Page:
Today we know that foot protection was popular even in prehistory. In 1991 a pair of tourists during their trek in the Alps, near Ötztal in Southern Tyrol, found frozen corpse of a man from around 3300 BC. Ötzi, as that is how the man was named, was wearing shoes from deer skin and bear sole. He had straw of grass inside the shoes. Such construction protected his feet again injuries and moisture and ensured comfort and hygiene. In the ancient times people worn usually sandals from papyrus, sometimes from leather. Romans worn leather shoes similar to sandals with full sole, often with studs. These were called caligae.
Footwear fashion evolved in the Middle Ages. Medieval shoes were produced from cattle, sheep or goat leather. They were sewn on shoemaker's lasts. The sole was mounted with nails, then other elements were sewn together. In the 12th century a shape of shoe known today came to existence. Distinctive medieval shoes with lengthened tip can be found on miniatures from 12th century onwards.
There were many ways of decorating medieval shoes. Leather was often hemmed and decorated with additional outer elements. Usually medieval footwear was cut out, punctured, stamped, embossed, embroidered, or simply additional fancy elements like pearls were sewn onto it.
Another interesting fact is connected with colour of shoes contrasting with hose. Of course, the more fancy a shoe, the wealthier his owner was. In the medieval times people believed that the less decorative shoe was, the more god-fearing and well-behaved his owner was.
In the 15th century, shoes with pointy toes gained great popularity. These were called poulaine or crakoves. Their special shape made it a bit difficult to walk in them. It was the most significant change in the European shoe shape. The people of commune wore medieval footwear with much shorter toes. Typical poulaine were accompanied by other decorations, also to underline the original outfit. However, as soon as such footwear started to be perceived as reprehensible, wearing it became forbidden.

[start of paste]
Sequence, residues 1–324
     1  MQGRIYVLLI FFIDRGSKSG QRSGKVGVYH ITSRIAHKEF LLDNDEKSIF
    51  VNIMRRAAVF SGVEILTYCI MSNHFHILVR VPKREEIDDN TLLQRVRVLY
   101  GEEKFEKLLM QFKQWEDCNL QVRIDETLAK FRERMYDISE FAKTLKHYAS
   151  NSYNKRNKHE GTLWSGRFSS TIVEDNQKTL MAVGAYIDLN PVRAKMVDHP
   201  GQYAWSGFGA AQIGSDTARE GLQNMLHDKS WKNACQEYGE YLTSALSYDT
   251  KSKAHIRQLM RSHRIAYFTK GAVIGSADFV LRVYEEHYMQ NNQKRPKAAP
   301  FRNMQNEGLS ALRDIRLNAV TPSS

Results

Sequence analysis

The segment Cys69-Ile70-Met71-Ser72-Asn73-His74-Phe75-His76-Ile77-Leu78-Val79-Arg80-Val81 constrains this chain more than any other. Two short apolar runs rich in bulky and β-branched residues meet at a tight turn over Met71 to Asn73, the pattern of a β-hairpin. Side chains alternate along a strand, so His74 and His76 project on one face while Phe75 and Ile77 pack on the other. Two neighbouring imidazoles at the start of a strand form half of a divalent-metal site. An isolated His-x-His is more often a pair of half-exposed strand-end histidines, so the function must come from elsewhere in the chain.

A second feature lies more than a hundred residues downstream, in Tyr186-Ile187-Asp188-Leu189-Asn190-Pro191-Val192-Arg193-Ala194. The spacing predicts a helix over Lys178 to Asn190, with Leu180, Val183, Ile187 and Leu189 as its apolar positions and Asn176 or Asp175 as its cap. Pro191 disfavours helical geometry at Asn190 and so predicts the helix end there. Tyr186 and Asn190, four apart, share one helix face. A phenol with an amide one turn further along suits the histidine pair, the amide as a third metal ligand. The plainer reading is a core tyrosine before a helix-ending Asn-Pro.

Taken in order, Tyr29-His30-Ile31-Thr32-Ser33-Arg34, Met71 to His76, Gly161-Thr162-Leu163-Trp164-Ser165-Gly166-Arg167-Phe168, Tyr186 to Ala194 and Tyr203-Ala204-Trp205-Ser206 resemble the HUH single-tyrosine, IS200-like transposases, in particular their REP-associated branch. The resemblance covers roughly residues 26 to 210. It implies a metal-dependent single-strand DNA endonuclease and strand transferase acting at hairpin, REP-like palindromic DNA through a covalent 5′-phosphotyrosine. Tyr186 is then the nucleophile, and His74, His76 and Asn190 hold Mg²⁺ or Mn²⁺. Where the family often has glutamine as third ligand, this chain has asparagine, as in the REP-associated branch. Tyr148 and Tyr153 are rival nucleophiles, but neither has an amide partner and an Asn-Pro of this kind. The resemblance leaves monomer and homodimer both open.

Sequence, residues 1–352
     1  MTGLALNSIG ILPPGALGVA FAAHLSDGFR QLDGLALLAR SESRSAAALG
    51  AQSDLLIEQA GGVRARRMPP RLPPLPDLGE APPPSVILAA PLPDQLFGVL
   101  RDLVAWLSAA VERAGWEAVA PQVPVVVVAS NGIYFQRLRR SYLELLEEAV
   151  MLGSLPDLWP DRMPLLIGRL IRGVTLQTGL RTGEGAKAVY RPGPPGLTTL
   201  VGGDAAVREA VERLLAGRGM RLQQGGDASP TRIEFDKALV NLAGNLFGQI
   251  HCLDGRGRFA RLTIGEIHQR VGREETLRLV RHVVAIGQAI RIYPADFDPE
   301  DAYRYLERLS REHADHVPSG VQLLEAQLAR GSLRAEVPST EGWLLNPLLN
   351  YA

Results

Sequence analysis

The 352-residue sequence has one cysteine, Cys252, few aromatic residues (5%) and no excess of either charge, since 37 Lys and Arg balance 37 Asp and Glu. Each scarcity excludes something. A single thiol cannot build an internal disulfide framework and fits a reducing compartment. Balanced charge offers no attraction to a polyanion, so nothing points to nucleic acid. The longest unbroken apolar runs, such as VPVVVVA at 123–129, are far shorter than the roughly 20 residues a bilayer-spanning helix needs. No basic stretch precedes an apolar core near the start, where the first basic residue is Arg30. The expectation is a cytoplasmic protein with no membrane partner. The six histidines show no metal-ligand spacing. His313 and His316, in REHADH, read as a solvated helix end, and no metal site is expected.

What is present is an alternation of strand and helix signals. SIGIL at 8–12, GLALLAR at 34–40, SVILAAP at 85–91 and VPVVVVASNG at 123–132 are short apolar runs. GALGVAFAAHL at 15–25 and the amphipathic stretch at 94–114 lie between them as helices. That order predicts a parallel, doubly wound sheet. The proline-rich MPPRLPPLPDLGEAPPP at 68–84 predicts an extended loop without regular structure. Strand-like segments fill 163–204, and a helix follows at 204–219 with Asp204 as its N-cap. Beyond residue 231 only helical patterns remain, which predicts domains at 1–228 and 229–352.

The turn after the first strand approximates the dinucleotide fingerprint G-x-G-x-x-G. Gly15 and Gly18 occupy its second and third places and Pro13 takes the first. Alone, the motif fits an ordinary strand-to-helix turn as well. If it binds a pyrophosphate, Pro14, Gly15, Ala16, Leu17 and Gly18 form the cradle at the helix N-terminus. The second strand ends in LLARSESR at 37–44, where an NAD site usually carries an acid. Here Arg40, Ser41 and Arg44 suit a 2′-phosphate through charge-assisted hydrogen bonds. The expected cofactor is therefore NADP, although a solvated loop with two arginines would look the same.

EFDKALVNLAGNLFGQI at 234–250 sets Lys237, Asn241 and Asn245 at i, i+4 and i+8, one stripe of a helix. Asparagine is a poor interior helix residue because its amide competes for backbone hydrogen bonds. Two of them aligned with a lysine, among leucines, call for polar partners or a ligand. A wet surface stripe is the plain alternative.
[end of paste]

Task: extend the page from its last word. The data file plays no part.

There is a theory saying that both of these special names can be associated with Poland. In France, it was called a la Poulaine (from Poland), and in England - crakoves (from Cracow). However, scientists till this day are not sure about the correctness of this theory.
Each medieval person knew overshoes – rigid, wooden soles with heels worn under leather shoes. These protected the footwear against mud, rain or snow. Usually it was made from one piece of wood matching the size and shape of shoe and feet. They had numerous decorations like rosettes on sides or on soles. The richness of ornaments depended mostly on the wealth of owner.
Great part in discovering the history of medieval shoes was played by Gdansk city, where numerous historical footwear were found. Both male and female examples are decorated with various adornments and embroideries which gave them unusual look. Historical notations confirm that there were 3 models of footgear: for wintertime with short upper part, traditional with revealed ankles, and shoes with a deep cut-out instep and with long tips. The craftsmen of that time found inspiration in trends from France and England.
As long as the middle of 19th century, footgear was made by hand.